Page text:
Welcome to the season of Cynthia! Emmy-, Grammy-, and Tony-award winning triple threat Cynthia Erivo bounds from the Broadway stage to the big screen this fall in the Viola Davis–starrer Widows and at the center of Drew Goddard’s Bad Times at the El Royale. A twisty-turny, psychedelic crime thriller, Bad Times brings seven strangers together at a motel in the 1960s—where guns, money, ominous rainstorms, and a shirtless Chris Hemsworth all come out to play. Co-starring Dakota Johnson, Jeff Bridges, and Jon Hamm, it may be a bad night but it sure looks like a good time.

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Beautiful Boy (October 12)

Steve Carell and Timothée Chalamet join Oscar-winner Amy Ryan and Emmy-winner Maura Tierney to tell the heartbreaking true story of a father’s fight to save his son from a crippling addition to meth. The film is based on two memoirs, one by dad David Sheff and one by son Nic Sheff. Amazon Studios is sure to make a big play for this one come awards time.

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The Hate U Give (October 19)

Based on Angie Thomas’ bestselling YA novel, The Hate U Give explodes into theaters this autumn with an timely and incisive exploration of race, class, and opportunity. Starr (Amandla Stenberg) is a black girl living in two worlds: the mostly black, lower-class neighborhood in which she lives, and the mostly white, upper-class prep school she attends. But then she witnesses her cousin’s murder at the hands of a police officer, and is drawn into activism as the lines between her worlds crumble. Thomas’ book has been perched atop the New York Times bestseller list for over a year, so expect audiences to show up big time for this adaptation.

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On the Basis of Sex (November 9)

Mimi Leder directs Felicity Jones and Armie Hammer in a Ruth Bader Ginsburg biopic and it’s time to get pumped. Jones plays the jurist as a young lawyer bringing a gender discrimination case before the Supreme Court. Hammer plays her legal partner and husband, Marty. It’s a long-overdue film tribute to an icon and also a portrait of a struggle that, sadly, is still timely.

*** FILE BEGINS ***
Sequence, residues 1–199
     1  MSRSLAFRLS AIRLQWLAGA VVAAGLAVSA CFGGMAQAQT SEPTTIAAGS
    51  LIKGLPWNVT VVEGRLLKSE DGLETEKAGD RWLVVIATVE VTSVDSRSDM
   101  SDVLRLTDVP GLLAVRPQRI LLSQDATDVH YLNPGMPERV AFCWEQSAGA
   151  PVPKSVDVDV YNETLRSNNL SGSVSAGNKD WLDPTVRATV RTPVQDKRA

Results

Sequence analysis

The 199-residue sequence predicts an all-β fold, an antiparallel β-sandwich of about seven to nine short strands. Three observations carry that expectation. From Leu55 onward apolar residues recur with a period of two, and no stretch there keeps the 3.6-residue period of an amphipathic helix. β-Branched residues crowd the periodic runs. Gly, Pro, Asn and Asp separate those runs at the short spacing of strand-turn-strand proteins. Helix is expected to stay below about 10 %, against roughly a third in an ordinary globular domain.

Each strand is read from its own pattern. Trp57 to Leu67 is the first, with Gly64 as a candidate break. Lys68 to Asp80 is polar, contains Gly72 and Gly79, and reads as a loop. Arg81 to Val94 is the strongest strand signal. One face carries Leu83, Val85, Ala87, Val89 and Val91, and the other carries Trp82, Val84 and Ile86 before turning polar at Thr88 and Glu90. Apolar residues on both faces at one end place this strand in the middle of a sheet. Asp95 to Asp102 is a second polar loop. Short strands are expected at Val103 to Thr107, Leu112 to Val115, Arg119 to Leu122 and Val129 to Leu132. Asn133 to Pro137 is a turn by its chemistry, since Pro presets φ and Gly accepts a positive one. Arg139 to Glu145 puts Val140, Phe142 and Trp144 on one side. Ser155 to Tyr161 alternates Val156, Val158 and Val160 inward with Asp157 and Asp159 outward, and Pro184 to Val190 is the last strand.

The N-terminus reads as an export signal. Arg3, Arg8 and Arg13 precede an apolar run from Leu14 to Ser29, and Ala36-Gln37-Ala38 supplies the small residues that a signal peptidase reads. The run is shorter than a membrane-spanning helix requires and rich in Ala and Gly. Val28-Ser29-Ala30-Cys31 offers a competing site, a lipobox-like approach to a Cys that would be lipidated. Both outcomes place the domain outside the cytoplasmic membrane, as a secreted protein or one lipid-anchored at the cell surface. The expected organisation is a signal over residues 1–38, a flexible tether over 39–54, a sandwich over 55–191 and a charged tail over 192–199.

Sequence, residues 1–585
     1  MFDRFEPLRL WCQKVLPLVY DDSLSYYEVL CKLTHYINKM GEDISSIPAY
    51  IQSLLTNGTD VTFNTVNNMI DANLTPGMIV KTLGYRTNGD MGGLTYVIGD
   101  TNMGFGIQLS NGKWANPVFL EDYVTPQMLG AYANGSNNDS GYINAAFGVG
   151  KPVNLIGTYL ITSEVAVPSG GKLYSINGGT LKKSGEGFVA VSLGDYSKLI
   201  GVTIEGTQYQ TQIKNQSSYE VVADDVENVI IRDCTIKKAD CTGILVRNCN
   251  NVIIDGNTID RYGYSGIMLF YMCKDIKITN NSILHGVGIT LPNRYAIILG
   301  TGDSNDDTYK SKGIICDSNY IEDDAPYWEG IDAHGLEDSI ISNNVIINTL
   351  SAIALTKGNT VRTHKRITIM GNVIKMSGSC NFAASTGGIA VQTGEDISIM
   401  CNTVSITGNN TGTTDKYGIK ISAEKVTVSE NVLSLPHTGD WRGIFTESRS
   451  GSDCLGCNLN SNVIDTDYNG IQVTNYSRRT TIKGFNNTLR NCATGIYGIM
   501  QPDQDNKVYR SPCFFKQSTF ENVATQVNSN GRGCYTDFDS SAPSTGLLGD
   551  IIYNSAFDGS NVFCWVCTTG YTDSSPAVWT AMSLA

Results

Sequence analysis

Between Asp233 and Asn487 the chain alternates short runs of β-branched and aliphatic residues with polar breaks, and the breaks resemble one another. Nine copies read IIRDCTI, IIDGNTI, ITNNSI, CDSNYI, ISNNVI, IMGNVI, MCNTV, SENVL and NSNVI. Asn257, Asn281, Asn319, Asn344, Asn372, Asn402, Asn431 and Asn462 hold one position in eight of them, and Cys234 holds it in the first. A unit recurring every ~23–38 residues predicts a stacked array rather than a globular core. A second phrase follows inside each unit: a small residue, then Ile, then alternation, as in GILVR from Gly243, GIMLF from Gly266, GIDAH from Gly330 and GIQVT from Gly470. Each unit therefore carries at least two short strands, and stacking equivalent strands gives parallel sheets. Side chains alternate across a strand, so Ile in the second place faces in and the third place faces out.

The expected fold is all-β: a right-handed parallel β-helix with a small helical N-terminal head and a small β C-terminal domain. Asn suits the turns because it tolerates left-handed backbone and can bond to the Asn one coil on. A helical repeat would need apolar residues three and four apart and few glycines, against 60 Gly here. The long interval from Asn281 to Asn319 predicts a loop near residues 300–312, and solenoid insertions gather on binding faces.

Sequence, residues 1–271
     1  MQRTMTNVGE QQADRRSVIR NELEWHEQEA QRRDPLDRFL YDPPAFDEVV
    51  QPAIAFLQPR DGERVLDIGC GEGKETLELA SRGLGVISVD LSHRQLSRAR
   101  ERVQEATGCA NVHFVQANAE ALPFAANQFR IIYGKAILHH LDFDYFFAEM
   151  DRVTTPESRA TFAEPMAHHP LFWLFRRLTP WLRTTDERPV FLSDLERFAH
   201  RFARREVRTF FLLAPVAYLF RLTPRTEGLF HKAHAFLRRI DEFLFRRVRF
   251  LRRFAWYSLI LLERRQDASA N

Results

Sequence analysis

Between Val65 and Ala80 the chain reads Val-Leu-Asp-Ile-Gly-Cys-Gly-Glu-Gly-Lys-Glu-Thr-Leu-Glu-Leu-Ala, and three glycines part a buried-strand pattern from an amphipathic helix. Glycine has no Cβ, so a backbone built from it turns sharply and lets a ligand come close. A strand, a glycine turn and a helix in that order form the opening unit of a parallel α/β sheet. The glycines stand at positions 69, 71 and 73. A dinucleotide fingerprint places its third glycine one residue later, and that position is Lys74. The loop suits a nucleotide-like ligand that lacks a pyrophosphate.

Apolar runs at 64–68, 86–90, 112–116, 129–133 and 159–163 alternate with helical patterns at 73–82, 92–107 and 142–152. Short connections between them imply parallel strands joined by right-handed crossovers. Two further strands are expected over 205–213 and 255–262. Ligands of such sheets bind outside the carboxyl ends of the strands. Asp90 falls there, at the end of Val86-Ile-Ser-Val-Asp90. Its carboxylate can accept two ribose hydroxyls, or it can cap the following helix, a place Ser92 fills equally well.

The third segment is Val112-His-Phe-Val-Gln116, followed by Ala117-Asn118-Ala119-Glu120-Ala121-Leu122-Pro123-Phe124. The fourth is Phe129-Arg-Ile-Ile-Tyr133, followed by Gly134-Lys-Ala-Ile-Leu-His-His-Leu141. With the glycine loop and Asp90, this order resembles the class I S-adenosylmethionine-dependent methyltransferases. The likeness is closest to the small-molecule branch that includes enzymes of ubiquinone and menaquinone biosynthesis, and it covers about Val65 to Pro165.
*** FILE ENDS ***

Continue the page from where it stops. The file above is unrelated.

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Can You Ever Forgive Me? (October 19)

What a treat when our funniest performers give wonderful dramatic performances. Think Jim Carrey in The Truman Show or Mary Tyler Moore in Ordinary People. Add to that list Melissa McCarthy, who’s shown dramatic chops before and gets to be front and center of this crime caper tragedy. McCarthy plays celebrity profiler Lee Israel, who has seen her fortunes fall and her paychecks dry up. While trying to make money selling rare books, she stumbles into letter forgery and quickly gets caught up doctoring missives from famous people with her own poison pen. Co-starring fellow funny people Richard E. Grant and Jane Curtain, this forgery flick is the real deal.

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Serenity (October 19)

Interstellar co-stars Matthew McConaughey and Anne Hathaway re-team for another mind-bender, this one set on earth—or water, to be exact. Hathaway leads this neo-noir playing a woman who makes a dangerous request of her fishing boat captain ex-husband, played by McConaughey. She wants him to take her current husband, Jason Clarke, out on the boat and leave him for the fishes. Of course, everything turns sinister very fast.